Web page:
Photo by Binh Nguyen

Vietnam recognizes 12 new national relics

Bat Canh Son Scenic Landscape Complex is in Tuong Linh Commune, Ha Nam Province.

Lord Trinh Doanh, who ruled northern Vietnam from 1740 to 1767, built a palace at Bat Canh Son in the 16th century to view the area's beautiful scenery, according to historian Phan Huy Chu. Previously, Bat Canh Son had eight pagodas and a shrine to worship the lord of the soil and the ground.

Together with numerous other pagodas, Bat Canh Son is home to the Tien Ong Temple, which was constructed during the reign of King Tran Nhan Tong (1278 -1293).

Photo courtesy of Ha Nam Department of Culture, Sports and Tourism

Vietnam recognizes 12 new national relics

In his hometown, in Dai Hoang Village (now known as Nhan Hau Village), in Ha Nam Province, a cemetery and memorial home were constructed to honor writer Nam Cao. The memorial area is 5,400 square meters and was completed in 2004.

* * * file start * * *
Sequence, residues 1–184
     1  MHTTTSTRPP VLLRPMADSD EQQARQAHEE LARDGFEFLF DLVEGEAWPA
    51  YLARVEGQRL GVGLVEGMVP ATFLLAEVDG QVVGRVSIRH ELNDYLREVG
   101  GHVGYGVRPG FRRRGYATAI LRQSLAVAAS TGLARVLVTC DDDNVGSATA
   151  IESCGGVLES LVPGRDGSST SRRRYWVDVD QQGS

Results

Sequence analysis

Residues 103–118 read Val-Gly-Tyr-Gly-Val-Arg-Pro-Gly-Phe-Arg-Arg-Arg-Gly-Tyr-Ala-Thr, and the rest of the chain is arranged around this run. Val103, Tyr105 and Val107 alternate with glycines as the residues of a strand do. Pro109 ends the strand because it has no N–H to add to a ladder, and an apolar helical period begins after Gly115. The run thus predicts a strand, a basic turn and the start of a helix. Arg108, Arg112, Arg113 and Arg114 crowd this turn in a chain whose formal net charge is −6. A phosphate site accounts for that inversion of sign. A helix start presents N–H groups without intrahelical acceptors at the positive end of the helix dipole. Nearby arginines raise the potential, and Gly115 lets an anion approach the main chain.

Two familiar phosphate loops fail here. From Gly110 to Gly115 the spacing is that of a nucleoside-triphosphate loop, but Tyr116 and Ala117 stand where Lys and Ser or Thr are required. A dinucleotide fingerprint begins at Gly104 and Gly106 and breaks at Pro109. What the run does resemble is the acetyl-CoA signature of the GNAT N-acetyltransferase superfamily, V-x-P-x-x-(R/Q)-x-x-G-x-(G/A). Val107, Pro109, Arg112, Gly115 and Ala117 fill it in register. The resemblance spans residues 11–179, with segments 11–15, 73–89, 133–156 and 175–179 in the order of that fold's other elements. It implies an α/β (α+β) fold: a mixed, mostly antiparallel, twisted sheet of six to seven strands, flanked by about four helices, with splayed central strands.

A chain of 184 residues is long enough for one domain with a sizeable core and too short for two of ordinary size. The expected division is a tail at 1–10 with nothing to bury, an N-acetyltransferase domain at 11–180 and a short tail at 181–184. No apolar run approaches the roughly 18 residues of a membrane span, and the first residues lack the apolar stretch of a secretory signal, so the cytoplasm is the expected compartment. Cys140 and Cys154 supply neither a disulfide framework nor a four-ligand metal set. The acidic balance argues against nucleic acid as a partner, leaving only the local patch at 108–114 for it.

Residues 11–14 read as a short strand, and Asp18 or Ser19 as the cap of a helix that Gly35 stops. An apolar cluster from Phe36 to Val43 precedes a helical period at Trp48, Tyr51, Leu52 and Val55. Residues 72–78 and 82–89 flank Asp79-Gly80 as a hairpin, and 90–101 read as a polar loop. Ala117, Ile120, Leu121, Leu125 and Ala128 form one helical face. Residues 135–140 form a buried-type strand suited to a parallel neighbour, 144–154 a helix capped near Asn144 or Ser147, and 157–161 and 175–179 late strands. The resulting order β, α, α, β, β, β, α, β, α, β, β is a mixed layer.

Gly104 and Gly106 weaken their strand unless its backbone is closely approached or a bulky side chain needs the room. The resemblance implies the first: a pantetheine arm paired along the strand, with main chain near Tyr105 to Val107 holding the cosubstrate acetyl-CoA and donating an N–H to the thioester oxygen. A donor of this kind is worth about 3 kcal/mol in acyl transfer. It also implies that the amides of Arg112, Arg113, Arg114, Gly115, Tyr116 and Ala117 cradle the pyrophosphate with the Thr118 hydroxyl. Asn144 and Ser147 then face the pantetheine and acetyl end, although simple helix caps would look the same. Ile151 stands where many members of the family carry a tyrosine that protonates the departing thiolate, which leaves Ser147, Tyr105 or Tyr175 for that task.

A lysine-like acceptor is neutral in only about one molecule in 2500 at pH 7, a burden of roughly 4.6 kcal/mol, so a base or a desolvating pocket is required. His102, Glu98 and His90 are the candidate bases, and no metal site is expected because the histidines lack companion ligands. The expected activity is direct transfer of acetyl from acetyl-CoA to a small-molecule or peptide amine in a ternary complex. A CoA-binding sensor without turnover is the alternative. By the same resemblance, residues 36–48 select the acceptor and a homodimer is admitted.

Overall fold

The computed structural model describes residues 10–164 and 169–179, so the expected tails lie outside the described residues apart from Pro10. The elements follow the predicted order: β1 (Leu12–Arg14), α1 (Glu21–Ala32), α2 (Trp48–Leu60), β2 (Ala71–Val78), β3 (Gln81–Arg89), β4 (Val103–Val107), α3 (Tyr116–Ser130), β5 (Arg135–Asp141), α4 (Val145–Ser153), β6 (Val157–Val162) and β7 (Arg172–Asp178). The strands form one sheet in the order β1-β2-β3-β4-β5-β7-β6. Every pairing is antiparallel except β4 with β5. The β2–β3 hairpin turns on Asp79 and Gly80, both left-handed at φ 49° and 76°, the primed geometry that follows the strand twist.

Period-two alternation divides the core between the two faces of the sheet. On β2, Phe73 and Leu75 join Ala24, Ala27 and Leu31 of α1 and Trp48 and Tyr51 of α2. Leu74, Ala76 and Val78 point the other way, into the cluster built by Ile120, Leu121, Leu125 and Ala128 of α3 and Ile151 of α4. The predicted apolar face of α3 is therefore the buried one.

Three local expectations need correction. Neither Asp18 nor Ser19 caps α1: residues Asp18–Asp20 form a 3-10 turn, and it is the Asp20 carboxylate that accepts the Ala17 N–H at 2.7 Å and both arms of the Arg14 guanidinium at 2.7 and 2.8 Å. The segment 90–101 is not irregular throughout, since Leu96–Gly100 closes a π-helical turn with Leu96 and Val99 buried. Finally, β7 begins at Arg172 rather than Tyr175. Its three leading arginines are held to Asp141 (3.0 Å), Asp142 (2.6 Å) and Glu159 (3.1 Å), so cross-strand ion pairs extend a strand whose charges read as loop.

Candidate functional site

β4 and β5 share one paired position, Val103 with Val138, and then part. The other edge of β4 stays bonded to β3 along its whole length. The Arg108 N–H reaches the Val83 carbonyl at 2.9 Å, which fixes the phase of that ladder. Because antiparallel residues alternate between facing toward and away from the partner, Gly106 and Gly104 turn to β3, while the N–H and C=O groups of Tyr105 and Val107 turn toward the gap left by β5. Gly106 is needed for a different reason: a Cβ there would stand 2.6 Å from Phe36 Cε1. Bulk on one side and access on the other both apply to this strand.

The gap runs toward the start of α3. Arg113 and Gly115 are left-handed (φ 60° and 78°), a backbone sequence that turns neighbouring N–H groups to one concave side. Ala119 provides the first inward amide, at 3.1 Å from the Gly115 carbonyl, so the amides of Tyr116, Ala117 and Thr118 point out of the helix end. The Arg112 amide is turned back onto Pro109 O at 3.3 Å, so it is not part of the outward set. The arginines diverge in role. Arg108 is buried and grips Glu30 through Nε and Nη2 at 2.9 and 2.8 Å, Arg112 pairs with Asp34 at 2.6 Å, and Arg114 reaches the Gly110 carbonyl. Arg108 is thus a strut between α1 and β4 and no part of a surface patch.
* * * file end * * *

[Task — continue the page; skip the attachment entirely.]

Nam Cao (1915-1951), whose real name is Tran Huu Tri, was a famous realist writer in the first half of the 20th century in Vietnam. His works focused on the life of the impoverished intellects and poor farmers in rural areas during the war.

Photo courtesy of Ha Nam Department of Culture, Sports and Tourism

Vietnam recognizes 12 new national relics

The memorial to President Ho Chi Minh is on Ngoc Vung Island in the Van Don District of the northern Quang Ninh Province. Its total area is around 6.3 hectares, of which nearly 2.5 hectares are used for building.

President Ho Chi Minh paid a visit to the residents of Ngoc Vung Island on November 12, 1962. Subsequently, this location was transformed into a memorial site with gardens, fish ponds, and galleries.